‘Heart-wrenching milestone’: Covid death toll reaches 2m

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The worldwide coronavirus death toll has surpassed 2 million, according to a Reuters tally, as nations around the world are trying to procure multiple vaccines and detect new Covid-19 variants.

Gravediggers at work during a burial in a niche in Turin 
During the lockdown due to the Covid 19 epidemic, the number of funerals increased dramatically.

Photo: AFP

It took nine months for the world to record the first 1 million deaths from the novel coronavirus but only three months to go from 1 million to 2 million deaths, illustrating an accelerating rate of fatalities.

So far in 2021, deaths have averaged more than 11,900 per day or one life lost every eight seconds, according to a Reuters tally.

“Our world has reached a heart-wrenching milestone ,” United Nations chief Antonio Guterres said in a video statement.

“Behind this staggering number are names and faces: the smile now only a memory, the seat forever empty at the dinner table, the room that echoes with the silence of a loved one,” he said, calling for more global coordination and funding for the vaccination effort.

United Nations Secretary General Antonio Guterres.

UN chief Antonio Guterres: “Behind this staggering number are names and faces.”
Photo: CRISTINA QUICLER / AFP

By 1 April, the global death toll could approach 2.9 million, according to a forecast from the Institute for Health Metrics and Evaluation.

Given how fast the virus is spreading due to more infectious variants, the World Health Organisation (WHO) warned the worst could be ahead.

“We are going into a second year of this. It could even be tougher given the transmission dynamics and some of the issues that we are seeing,” Mike Ryan, the WHO’s top emergencies official, said during an event on Wednesday.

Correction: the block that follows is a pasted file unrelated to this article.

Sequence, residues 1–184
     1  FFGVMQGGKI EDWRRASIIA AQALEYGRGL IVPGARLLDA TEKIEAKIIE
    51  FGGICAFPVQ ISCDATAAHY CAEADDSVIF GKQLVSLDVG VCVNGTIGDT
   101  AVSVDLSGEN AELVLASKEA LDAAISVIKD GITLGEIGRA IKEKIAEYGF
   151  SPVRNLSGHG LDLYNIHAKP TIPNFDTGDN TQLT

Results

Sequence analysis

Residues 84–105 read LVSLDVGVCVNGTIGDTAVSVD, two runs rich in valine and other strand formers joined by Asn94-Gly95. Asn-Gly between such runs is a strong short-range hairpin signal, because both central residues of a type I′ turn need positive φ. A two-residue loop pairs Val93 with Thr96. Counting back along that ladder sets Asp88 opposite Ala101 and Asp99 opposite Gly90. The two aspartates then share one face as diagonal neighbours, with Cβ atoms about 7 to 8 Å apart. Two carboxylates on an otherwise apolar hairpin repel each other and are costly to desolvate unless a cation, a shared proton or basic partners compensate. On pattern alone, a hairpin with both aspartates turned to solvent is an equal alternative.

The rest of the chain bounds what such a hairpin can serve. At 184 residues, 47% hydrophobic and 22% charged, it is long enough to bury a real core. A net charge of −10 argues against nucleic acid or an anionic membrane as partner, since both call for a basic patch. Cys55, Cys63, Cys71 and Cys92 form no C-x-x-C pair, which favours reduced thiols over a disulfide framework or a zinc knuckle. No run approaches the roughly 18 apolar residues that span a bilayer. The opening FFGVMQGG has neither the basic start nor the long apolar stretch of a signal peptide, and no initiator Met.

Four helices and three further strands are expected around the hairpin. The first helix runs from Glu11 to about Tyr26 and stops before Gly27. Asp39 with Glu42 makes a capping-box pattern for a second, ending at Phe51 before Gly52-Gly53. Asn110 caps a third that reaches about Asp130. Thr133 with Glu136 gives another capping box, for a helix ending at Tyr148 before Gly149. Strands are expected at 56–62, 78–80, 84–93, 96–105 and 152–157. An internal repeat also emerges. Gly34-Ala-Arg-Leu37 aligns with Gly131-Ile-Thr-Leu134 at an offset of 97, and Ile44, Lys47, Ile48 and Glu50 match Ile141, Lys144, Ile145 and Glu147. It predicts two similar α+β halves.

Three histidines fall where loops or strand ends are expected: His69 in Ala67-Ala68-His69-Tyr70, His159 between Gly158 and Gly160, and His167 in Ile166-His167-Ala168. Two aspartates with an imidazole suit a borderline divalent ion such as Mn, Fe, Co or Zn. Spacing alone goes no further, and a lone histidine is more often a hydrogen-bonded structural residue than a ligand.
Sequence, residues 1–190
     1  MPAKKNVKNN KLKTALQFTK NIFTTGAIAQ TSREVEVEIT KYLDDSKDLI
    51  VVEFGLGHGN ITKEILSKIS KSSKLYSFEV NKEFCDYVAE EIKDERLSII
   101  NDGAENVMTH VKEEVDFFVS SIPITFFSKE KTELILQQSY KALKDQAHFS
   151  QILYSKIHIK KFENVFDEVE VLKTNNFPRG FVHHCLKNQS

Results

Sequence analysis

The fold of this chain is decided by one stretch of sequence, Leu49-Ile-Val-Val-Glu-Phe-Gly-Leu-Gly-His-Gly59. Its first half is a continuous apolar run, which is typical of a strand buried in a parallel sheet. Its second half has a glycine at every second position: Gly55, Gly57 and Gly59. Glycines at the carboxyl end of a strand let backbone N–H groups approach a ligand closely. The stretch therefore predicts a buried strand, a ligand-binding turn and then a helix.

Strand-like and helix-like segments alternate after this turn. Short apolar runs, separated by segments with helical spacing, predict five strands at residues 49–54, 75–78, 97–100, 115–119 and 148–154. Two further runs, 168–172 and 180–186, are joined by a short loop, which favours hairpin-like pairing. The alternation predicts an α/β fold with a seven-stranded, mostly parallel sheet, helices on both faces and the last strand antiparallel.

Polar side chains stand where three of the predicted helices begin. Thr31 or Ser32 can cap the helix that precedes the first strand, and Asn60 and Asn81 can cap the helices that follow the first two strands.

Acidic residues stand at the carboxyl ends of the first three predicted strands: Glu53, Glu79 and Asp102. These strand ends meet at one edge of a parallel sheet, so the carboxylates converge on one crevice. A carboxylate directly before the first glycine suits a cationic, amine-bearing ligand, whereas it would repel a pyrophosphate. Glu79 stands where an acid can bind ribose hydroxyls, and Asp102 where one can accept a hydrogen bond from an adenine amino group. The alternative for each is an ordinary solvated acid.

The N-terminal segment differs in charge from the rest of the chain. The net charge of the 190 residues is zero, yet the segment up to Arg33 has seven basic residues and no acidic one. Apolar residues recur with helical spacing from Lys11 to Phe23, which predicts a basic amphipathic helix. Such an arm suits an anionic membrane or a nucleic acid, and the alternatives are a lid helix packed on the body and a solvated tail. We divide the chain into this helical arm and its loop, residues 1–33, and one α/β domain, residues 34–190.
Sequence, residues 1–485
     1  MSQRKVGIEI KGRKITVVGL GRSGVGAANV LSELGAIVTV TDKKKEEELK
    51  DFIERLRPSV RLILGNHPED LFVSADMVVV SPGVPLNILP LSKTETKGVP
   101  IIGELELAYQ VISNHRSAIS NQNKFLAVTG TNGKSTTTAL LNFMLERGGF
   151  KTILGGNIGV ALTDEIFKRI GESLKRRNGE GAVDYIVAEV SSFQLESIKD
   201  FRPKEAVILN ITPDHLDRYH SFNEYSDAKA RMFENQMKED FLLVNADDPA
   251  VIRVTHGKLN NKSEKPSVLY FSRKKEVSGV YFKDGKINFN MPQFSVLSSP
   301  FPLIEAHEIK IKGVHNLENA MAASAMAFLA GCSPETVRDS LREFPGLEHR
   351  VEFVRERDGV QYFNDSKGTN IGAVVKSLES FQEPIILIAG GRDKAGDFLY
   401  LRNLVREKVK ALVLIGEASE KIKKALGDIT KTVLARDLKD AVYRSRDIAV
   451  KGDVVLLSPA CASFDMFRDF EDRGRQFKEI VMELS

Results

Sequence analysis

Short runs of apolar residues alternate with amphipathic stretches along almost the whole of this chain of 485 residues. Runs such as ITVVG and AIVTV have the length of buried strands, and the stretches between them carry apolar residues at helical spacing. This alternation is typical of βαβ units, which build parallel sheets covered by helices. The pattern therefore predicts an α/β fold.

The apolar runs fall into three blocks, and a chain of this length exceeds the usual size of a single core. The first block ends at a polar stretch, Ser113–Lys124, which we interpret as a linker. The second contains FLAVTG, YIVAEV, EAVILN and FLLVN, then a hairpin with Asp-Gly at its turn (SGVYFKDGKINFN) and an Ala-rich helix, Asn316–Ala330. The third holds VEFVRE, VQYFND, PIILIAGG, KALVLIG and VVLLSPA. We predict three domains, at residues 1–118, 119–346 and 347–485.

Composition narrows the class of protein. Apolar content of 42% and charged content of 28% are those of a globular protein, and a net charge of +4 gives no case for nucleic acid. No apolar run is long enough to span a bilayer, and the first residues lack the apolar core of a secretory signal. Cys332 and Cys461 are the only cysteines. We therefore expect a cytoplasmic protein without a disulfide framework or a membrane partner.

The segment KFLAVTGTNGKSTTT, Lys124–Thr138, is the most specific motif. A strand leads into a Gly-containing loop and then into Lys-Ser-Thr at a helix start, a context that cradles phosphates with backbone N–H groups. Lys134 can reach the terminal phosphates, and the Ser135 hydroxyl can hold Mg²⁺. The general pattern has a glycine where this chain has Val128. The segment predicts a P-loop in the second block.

The United States has the highest total number of deaths at more than 386,000 and accounts for one in every four deaths reported worldwide each day.

Medical staff treat a patient in the Covid-19 intensive care unit on New Year's Eve at the United Memorial Medical Center in Texas

Medical staff treat a patient in the Covid-19 intensive care unit at the United Memorial Medical Centre in Texas. (file pic)
Photo: GETTY via AFP

The next worst-affected countries are Brazil, India, Mexico and the United Kingdom. Combined, the five countries contribute to almost 50 percent of all Covid-19 deaths in the world but represent only 27 percent of the global population.

Europe, the worst-affected region in the world, has reported over 615,000 deaths so far and accounts for nearly 31 percent of all Covid-related deaths globally.

In India, which recently surpassed 151,000 deaths, vaccinations are set to begin this weekend in an effort that authorities hope will see 300 million high-risk people inoculated over the next six to eight months.

– Reuters

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